Take the 2-minute tour ×
MathOverflow is a question and answer site for professional mathematicians. It's 100% free, no registration required.

Suppose $E[X]=E[Y]=0$, and $E[X^2]=E[Y^2]=1$. Can you show that $E[X^2Y^2] = 1 + 2\operatorname{cov}(X,Y)^2$? I am not even sure if this expression is correct, I found it in a geostatistics paper, which used this result to show something else. (Note that under these conditions $\operatorname{cov}(X,Y)$ is simply equal to $E[XY]$).

edit: $X$ and $Y$ are Gaussian random variables. Also, it might possibly be useful to consider $E[E[X^2Y^2|X]]$.

share|improve this question
2  
Hmm... the variables $X$ and $Y$ are Gaussian, although I can't see this helping... –  Azure Jan 1 '11 at 20:28
2  
Doesn't look like it. Suppose $$ X = \begin{cases} 1/\sqrt{2} & \text{with probability } 1/2, \\ -1/\sqrt{2} & \text{with probability } 1/2. \end{cases} $$ And $Y$ has the same distribution and is independent of $X$. Then $E(X^2 Y^2) = 1/4$ and $1 + 2\operatorname{cov}(X,Y)^2 = 1$. –  Michael Hardy Jan 1 '11 at 20:28
1  
You should really edit the information that the variables are gaussian into the question. Gaussians are far more constrained than general random variables. That said, I suspect this will wind up closed as too elementary; you'd probably do better on math.stackexchange.com –  David Speyer Jan 1 '11 at 20:32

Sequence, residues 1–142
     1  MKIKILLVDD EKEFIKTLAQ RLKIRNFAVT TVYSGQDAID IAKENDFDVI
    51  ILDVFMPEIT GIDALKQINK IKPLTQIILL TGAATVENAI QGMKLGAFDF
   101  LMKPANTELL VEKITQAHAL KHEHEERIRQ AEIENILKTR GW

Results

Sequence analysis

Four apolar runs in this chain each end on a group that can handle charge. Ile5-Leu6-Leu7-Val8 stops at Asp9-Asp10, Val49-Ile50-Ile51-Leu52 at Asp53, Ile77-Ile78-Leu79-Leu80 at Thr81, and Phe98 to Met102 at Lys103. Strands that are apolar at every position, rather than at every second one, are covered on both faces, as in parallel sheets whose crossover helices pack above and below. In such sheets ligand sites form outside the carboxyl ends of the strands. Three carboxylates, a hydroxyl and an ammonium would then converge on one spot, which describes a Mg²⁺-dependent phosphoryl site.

1  
I consider this to be an exercise. The point is that it can all be worked out with explicit formulas. –  Deane Yang Jan 1 '11 at 21:04
1  
From an ongiong conversation with the questioner on another question, I have the strong impression that this was done with good intentions (a misconception of the etiquette here). –  quid Jul 4 '11 at 21:04
show 4 more comments

closed as too localized by Andres Caicedo, Bill Thurston, Martin Brandenburg, Douglas Zare, Qiaochu Yuan Jan 2 '11 at 14:09

This question is unlikely to help any future visitors; it is only relevant to a small geographic area, a specific moment in time, or an extraordinarily narrow situation that is not generally applicable to the worldwide audience of the internet. For help making this question more broadly applicable, visit the help center.If this question can be reworded to fit the rules in the help center, please edit the question.

1 Answer

up vote 13 down vote accepted

The result holds if, additionnally to the conditions of the post, one assumes that the vector $(X,Y)$ is Gaussian. Then, $Y=aX+\sqrt{1-a^2}Z$ with $a=\mathrm{cov}(X,Y)$ and $Z$ standard Gaussian such that $X$ and $Z$ are independent. Using $E(X^4)=3$, $E(Z)=0$, $E(X^2)=E(Z^2)=1$ and the independence of $X$ and $Z$, one gets indeed that $E(X^2Y^2)=3a^2+0+1-a^2=1+2a^2$.

Otherwise, that is, under the conditions of the post only, the result is false. For example, if $Y=UX$ with $U=\pm1$ centered and such that $U$ and $X$ are independent. all the hypotheses of the post are met but $\mathrm{cov}(X,Y)=0$ and $E(X^2Y^2)=3$.

A well known motto in such situations is: "Joint laws, or else..."

share|improve this answer
    
Excellent! Thank you. In the paper I am reading, it does hold that vector (X,Y) is Gaussian, so that was a hidden assumption in my question. –  Azure Jan 2 '11 at 0:17
add comment

Not the answer you're looking for? Browse other questions tagged or ask your own question.